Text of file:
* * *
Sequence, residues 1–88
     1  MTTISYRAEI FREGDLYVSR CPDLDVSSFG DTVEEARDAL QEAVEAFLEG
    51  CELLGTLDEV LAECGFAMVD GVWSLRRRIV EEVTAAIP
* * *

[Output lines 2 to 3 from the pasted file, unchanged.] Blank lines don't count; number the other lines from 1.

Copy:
     1  MTTISYRAEI FREGDLYVSR CPDLDVSSFG DTVEEARDAL QEAVEAFLEG
    51  CELLGTLDEV LAECGFAMVD GVWSLRRRIV EEVTAAIP